Simon Edge, Express: Harry Hill's knowing tease, directed by the ever-inventive Sean Foley and festooned with visual gags by designer Es Devlin, is smart, funny, foot-tapping and surprisingly hard-hitting beneath its cloak of reverence...Cowell himself is heralded as a virile love god - with health warnings that women can get pregnant just by looking at him - but is played in a great comic performance by Nigel Harman as a waddling preener who can barely talk through his dental implants...Engaging with low culture without taking its audience for fools, it's by far the best of the big West End musical openings of the last few months.

Paul Taylor, The Independent:'s with some surprise that I must confess to having really rather enjoyed this £6m musical spoof concocted by comedian Harry Hill, composer Steve Brown and director Sean Foley. I'm not saying "I Can't Kvetch!" because there are all kinds of niggles and caveats - not least that the whole venture feels more than a tad belated. But there is a bonkers, surreal charm to the loopy lampooning and though the authors may not be wielding a stiletto, they are not brandishing a back-scratcher either...Nigel Harman's deliciously funny performance nails the narcissistic-android quality of the high-waisted pop mogul who chose a mirror as his Desert Island luxury.

Edward Seckerson, The names have been changed to protect the guilty but half the fun of I Can't Sing! - the so-called X-Factor musical - lies in the relentless spoofing of a show we love to hate and a format so unremittingly predictable that its contestants, judges, and host now read like characters from a, well, musical. Put Harry Hill on the job and you know he's going to throw enough gags at the subject for at least a handful to stick and were this an anarchic fringe offering with a cast of six and a budget low enough to render it inventive by necessity then you'd have more chance of leaving the venue with a smile on your face and a little surplus cash in your pocket. But this is the West End - the Palladium for heaven's sake - and when you see so much money squandered on a monumental piss-take of the biggest money-spinning franchise in the history of the world then the nausea from the pit of your stomach rises up into your throat with the realisation that it's actually Simon Cowell and his producers that are taking the piss by hoping that box office receipts as opposed to premium phone line revenues will keep money from the waning franchise rolling in. But the British public aren't that gullible, are they?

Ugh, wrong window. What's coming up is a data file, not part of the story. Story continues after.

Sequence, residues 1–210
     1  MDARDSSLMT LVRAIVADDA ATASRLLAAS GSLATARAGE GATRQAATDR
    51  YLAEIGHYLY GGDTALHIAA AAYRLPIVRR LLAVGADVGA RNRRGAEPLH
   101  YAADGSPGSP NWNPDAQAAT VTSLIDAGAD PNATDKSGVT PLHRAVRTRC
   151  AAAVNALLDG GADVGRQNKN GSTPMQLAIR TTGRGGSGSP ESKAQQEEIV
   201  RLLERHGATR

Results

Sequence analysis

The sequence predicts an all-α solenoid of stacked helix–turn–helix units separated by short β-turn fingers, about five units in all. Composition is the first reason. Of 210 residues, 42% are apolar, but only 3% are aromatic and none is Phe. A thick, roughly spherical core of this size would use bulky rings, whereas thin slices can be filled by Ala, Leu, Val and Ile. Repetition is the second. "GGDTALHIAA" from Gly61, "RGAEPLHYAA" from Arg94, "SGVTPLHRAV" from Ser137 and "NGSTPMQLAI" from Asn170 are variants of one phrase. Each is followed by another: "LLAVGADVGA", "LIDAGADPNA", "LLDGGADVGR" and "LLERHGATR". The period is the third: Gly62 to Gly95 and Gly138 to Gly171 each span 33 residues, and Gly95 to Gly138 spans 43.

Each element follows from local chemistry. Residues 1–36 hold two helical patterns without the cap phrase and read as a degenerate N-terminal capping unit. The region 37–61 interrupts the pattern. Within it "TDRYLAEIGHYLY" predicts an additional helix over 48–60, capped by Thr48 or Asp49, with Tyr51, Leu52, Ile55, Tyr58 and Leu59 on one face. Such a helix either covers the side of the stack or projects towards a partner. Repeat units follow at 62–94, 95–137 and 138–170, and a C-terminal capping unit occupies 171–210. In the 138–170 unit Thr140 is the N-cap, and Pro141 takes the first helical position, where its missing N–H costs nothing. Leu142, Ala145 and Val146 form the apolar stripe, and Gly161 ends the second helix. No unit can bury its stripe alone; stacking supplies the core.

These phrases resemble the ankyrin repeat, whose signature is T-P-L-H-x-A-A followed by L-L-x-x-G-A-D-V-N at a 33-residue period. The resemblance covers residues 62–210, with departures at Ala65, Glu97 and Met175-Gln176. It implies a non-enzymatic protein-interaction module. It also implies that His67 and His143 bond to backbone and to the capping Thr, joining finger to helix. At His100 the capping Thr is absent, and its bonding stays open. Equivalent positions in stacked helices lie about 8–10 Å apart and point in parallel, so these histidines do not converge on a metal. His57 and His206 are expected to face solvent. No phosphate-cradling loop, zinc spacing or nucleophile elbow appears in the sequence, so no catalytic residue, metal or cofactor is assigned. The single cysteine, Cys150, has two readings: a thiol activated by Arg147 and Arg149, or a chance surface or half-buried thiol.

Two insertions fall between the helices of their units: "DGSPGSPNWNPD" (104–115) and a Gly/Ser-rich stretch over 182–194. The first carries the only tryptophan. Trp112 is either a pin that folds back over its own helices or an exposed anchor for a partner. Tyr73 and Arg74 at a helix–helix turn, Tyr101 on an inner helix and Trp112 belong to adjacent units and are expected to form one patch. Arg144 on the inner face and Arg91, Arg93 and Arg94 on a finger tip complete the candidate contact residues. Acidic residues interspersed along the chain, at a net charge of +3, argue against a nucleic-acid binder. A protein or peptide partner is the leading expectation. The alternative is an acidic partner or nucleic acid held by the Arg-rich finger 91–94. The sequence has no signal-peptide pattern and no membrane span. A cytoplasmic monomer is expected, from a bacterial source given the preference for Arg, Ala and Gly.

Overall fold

Alan Franks, Well, it's not as bad as you might have feared, or hoped, depending on your relationship with Simon Cowell. Nor is it as good as the mighty machinery of advance praise would have had you believe. If this sounds like damnation with faint praise, that's possibly because it is. I Can't Sing is OK. This conclusion hardly amounts to the coveted "Three Yesses" refrain of the TV talent show, but at a time when West End musicals by giants of the genre are crashing and burning in the wastelands of audience indifference, OK is not to be sneezed at.

Henry Hitchings, Evening Standard: Harry Hill is immersed in the absurdities and excesses of TV, so he was a perfect choice to write a musical based on The X Factor. The result is an unashamedly populist show that's laced with satirical glee. When Simon Cowell first appears he's an ambitious child devising crafty ways of earning money. He soon transforms into the familiar pop svengali, but instead of presiding over Saturday night slickness, Nigel Harman's preening Cowell gets caught in a torrent of demented weirdness.